Advertisement: Sarah Melzack, Membership Benefits Officer at AOP
How was the AOP mentoring program received?
The reception was great. We have a large number of mentors who have signed up and over two thirds of the mentees who are on the platform have partnered with someone and are currently in active ones because of the skills and expertise they are seeking support with Relationships.
The platform has only been up and running since September, but we’ve already had some close relationships and the feedback has been very positive from both sides. Mentors genuinely enjoy interacting with younger, less experienced optometrists and have the comfort factor of helping someone who is walking in the shoes they once had.
It is a fantastic opportunity for mentees to select someone who has experience in the area in which they wish to develop. It’s quite an unusual opportunity.
How many mentors are currently enrolled in the program and what is their experience?
We have almost 100 mentors. The great thing is that more than half of our mentors have 20 years of practical experience or more. In general, more than two thirds of the mentors have more than 11 years of experience. We have a great balance of mentors working in corporate and independent roles which is good for people who may be looking for career connections in different fields or want to learn more about life in this type of practice. 20% of our mentors are local optometrists and 15% are optometrists working in hospitals or universities.
What led to the decision to expand the program to local members?
While locums work regularly in some practices, there are many locums that are one-person bands. They don’t have that stable sense of teamwork or oversight. Even if they do, they may not necessarily want to address the challenges they face with someone hiring them for fear they might interpret them as weaknesses that don’t necessarily exist. Mentoring can give the proxy the space to have these conversations outside of day-to-day relationships and still have someone in their corner on a regular basis.
If everything else in a proxy’s day-to-day life can be segmented, a mentor can piece it all together – by understanding where the proxy has been and what they’re up to. If an optometrist is new to localization, it can also be nice to talk to someone who has been doing it for a while. There are a number of pitfalls people can fall into in this area of self-employment. It might be useful to have someone to talk to to help identify and avoid these pitfalls while sharing some tips and tricks along the way.
What can a mentoring relationship offer an early career optometrist?
Mentoring can provide security. Being new can mean you feel unsteady on your feet, and having someone with over 20 years of experience is a great source of reassurance. Most importantly, mentors can offer confidentiality if someone is struggling. When it comes to confidence or clinical management, mentees may not necessarily want to admit it to the people they work with or who they hope will hire them for future employment or promotion. It is very special to be able to talk to someone who has the same experience but is not part of this employer circle.
Are there common areas of support that mentees seek?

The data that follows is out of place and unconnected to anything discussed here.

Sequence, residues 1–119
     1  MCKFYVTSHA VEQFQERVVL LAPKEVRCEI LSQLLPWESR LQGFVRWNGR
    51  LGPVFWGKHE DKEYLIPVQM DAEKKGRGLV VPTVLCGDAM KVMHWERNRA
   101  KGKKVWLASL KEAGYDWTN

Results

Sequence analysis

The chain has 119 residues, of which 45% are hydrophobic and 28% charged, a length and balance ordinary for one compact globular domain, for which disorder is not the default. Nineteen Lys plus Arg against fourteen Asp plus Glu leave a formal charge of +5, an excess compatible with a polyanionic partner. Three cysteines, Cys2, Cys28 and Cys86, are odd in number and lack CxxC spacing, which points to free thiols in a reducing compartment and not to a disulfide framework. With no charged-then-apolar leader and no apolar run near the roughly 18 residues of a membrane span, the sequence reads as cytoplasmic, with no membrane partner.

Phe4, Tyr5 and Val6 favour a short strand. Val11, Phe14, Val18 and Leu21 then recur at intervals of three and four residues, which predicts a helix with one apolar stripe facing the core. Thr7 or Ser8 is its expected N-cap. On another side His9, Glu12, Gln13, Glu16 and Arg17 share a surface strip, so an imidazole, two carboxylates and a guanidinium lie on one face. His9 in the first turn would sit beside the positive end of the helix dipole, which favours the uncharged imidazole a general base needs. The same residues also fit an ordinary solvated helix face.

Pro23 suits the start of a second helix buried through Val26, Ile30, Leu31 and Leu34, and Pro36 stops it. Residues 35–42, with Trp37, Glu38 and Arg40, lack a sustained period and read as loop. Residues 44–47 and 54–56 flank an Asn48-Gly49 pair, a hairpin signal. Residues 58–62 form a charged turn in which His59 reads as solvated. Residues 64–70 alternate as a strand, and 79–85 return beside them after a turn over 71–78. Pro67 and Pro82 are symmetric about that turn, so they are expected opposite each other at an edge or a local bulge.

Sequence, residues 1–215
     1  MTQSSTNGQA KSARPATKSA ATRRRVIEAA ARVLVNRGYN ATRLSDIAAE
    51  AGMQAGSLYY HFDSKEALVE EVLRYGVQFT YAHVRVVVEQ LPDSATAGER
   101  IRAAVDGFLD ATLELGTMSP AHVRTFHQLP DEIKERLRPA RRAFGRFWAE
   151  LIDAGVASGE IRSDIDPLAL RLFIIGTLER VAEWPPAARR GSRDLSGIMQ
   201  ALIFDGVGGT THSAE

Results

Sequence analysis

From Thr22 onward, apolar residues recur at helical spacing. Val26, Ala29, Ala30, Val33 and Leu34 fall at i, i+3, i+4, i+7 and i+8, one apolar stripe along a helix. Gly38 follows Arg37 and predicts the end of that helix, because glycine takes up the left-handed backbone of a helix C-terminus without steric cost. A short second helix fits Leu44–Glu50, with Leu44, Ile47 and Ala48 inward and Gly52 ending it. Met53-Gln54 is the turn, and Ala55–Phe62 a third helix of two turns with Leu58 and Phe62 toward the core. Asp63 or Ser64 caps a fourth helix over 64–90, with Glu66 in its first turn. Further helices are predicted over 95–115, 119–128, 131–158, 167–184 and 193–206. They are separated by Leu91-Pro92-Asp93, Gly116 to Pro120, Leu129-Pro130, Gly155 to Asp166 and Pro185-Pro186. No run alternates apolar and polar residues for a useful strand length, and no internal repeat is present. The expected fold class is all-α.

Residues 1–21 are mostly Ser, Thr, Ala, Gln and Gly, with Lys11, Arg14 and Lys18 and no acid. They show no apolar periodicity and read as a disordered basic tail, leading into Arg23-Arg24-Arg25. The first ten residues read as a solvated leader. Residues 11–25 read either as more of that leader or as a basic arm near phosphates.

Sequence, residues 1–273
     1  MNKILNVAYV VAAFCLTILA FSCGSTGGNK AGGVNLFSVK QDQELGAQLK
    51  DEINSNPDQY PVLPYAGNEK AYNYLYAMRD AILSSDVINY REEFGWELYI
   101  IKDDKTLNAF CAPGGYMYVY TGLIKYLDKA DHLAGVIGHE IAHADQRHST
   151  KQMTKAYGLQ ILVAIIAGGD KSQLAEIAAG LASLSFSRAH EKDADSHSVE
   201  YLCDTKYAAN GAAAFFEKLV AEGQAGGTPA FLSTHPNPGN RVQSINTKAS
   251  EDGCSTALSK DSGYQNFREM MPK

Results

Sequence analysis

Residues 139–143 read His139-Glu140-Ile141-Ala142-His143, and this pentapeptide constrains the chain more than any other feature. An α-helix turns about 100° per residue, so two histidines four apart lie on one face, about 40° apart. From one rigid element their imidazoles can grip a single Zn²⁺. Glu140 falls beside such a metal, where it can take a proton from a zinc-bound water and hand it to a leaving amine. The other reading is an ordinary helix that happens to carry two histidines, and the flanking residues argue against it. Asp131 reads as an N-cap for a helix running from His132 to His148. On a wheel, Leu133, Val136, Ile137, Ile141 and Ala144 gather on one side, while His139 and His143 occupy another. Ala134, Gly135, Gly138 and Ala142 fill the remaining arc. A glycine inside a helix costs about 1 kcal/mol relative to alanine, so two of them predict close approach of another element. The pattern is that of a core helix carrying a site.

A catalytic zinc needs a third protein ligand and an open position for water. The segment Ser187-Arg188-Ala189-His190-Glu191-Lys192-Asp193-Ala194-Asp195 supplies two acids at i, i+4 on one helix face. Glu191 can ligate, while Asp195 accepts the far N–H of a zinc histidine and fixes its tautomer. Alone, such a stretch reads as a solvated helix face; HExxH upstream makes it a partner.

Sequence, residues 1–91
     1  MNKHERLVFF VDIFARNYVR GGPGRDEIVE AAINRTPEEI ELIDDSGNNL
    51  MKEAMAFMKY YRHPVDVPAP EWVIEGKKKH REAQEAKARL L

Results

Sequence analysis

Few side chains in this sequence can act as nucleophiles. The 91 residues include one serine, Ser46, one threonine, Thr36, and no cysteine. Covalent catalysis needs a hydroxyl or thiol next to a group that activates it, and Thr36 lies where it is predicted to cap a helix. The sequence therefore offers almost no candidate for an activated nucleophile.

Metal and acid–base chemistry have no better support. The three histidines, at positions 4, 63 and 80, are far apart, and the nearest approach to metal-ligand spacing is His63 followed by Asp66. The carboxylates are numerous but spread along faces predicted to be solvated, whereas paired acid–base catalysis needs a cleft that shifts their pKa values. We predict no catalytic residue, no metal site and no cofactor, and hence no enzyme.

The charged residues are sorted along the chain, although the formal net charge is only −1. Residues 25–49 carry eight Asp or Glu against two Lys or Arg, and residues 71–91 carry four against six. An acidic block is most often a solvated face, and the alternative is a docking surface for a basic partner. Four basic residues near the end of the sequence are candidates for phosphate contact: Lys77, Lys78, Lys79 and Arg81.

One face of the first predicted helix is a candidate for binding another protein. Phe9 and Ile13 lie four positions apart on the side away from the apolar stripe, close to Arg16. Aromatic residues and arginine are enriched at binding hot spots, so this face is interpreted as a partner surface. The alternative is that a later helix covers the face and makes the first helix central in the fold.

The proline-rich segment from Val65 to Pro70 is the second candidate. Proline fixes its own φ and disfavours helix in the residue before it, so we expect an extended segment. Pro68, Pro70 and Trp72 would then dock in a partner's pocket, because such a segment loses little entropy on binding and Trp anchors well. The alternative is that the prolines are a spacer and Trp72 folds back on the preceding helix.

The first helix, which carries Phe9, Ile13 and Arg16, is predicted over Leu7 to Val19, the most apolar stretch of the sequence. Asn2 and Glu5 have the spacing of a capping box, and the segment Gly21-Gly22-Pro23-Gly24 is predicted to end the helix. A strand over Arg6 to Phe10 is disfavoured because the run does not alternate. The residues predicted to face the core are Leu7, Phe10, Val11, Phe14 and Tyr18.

Confidence building is a common topic that mentees want to cover. We initially opened the program to newly qualified opticians and preregs. For people in their early careers, building trust can be crucial, not only in terms of providing a good service to patients, but also in terms of professional fulfillment. You don’t want to go into practice every day feeling scared of doing something wrong and repeating everything in your head and wondering, “What if?”. It will help to have a source of support early on. Confidence also encompasses decision making and clinical management, many of which come with experience. Mentees can overcome these challenges by speaking to someone with much more experience for advice and creating their own development program in these areas.
I suspect the pandemic has contributed to the areas mentees are seeking support for. Students, newly qualified optometrists, and pre-registration optometrists do not all have the hands-on experience they were desperately hoping for. Many local optometrists who have been unable to work during the pandemic have suffered a loss of confidence as they have not been working with patients on a daily basis.
Likewise, anyone who hasn’t worked as much as they used to during the pandemic may come back and find that technology has advanced or regulations have changed. They may find they need to catch up, and then mentoring can help them get through it faster.
What could a mentoring relationship look like alongside internships, studies or work? What level of commitment is required from mentees on a regular basis?
It is entirely up to the mentee and very flexible. The mentoring relationship lasts as long as the mentees wish (although we recommend six months) and until they have achieved the goals or mastered the particular challenge they wanted to work on. It can work around the mentee’s schedule.
Will there be more to see from the mentoring program?
There will be more expansion. We want to give as many people as possible access to this type of support. We’ll reflect on who else might be feeling vulnerable or lacking in confidence at work – especially as this seems to be a key factor that people look for in the mentoring space. For example, career changers who are on parental leave or who have had to give up their job in the meantime and who might need some security when returning to work on a regular basis.
Do you have an important message for members regarding access to the mentoring program?
Just do it. It’s free, quick and easy to access, and so flexible. A mentoring relationship will not be overly demanding. The mentee chooses who to match, when to see them, and what to talk about. The mentor is ready to be there for you 100%.